Is a Flattop The Right Haircut?
Before cutting a flattop, it is important to evaluate the client’s hair and face shape. If the client has curly or very wavy hair, a strong forward growth pattern, a low front hairline, pointed head shape, or other irregularities, then a flattop may not be a good option. A flattop may also not be a good cut for someone who is looking for totally care-free style. A flattop often requires daily application of gel or wax (and often blow-drying) as well as frequent haircuts to keep it looking neat. For a flattop, I recommend having it cut once every two to three weeks to maintain the shape.
Cutting the Sides and Back
First, clip the hair close to the head on the sides and the back. Keep the clipper anchored to the scalp until just past the round of the head and then continue straight up -- the motion of the clipper should run perpendicular to the floor. When the head begins to round towards the top, the clipper will continue straight up and off the scalp. Remember not to round the sides too much as the emphasis on this haircut is flatness. Continue around the sides and back until complete.
Tip: I often find it is easies to cut a flattop's sides and back using a #1 blade on the clipper -- this will leave the hair about the same length as it does when cutting over a comb that is flat on the scalp (which will be handy when connecting the sides to the top as instructed below).
Cutting the Top Guide Strip
Apply an appropriate gel (such as Matrix for Men EnerGel) and blow-dry the hair on top up and back, making sure it is standing as straight as possible. Next, insert a comb into the front at the height you would like the top and cut off the hair above the comb. When inserting the comb, do not force the hair back as this will create an un-even cut. The client’s head should be perfectly straight and the comb should parallel to the floor. Next, using the front section as a guide, freehand cut a strip down the center of the head (it may be helpful to use a guard on the clipper during this step). This cut should be parallel to the floor. The hair will get shorter towards the crown. The client will be left with two longer patches on either side of the strip just cut (the shorter, already cut part should resemble a "T"). Next, freehand cut these areas so they are even with the middle strip.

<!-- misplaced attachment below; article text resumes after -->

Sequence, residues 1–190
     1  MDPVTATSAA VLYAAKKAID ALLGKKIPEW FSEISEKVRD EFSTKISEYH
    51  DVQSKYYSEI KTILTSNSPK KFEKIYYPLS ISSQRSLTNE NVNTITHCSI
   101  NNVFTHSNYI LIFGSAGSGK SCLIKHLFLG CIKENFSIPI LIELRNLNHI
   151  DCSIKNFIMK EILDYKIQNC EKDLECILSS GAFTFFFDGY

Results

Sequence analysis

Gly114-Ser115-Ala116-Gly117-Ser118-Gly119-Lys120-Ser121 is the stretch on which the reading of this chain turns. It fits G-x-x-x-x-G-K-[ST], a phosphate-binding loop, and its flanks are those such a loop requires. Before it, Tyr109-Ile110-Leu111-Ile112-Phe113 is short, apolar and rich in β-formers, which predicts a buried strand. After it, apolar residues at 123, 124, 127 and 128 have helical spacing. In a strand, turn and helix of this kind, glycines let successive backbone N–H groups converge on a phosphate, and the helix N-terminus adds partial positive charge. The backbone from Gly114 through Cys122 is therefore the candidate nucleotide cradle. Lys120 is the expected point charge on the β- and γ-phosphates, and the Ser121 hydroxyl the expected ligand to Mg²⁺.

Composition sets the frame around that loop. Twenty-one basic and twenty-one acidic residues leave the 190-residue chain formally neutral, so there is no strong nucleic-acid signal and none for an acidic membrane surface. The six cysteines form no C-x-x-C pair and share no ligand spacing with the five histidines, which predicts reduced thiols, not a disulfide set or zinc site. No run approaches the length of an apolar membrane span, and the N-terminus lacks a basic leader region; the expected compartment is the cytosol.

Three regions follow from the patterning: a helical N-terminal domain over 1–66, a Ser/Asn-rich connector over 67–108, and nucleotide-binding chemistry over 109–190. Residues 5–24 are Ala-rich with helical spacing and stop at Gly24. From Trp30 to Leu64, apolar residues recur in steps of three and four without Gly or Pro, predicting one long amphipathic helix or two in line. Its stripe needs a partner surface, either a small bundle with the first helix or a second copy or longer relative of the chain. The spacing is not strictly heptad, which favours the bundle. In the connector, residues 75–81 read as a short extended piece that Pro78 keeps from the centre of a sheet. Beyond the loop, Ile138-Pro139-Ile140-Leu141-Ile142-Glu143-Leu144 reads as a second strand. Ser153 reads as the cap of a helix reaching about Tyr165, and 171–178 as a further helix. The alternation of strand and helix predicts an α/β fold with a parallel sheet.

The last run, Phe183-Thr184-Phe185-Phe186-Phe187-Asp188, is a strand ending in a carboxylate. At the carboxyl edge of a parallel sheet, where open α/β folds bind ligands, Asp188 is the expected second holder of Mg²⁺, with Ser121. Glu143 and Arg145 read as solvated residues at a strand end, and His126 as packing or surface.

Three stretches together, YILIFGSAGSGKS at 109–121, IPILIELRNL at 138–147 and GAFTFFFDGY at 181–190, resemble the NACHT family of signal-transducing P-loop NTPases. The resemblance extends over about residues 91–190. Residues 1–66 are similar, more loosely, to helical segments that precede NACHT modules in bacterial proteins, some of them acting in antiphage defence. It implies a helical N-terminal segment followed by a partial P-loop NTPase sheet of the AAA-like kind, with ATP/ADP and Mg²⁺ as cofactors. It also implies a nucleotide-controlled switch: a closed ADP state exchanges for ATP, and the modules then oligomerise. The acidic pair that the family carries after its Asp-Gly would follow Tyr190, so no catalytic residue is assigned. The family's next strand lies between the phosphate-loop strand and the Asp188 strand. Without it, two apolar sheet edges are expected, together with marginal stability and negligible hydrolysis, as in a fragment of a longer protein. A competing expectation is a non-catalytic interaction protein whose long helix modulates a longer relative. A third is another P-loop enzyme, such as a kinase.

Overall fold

Tip: When cutting a flattop, I've found the Oster Master Flattop Comb is the absolute best comb for the job.
Joining the Top and Sides
Insert a wide comb flat against round of the head and remove any hair that is sticking out (the comb should be perpendicular to the floor). Try not to angle the comb in too far toward the center of the head. Follow this around the entire perimeter of the top. The crown area should be rounded more to conform to the shape of the head. Again, try to let the hair fall naturally into the comb without over directing it. This will help you avoid lines in the haircut.
Lightly spray the hair with water and re-dry it. This will reveal any odd pieces which may have been missed. Stand behind the customer and have them look up and then slowly look down while checking the cut in the mirror. There should be no un-even spots when viewed from any angle. Once the top is detailed, taper the neckline and create a line around the ears with a trimmer.
Tip: If you're wearing a dark shirt, put on a white shirt or hold a white towel behind the client’s head. This will provide better contrast to see any odd places that need to be touched up.
Depending on the client's hair type, a flattop may require no styling or simply a light application of gel or wax. Simply apply the product and brush the hair up and towards the center of the head. For a stubborn growth pattern, a blowdryer may be used to set the style in place.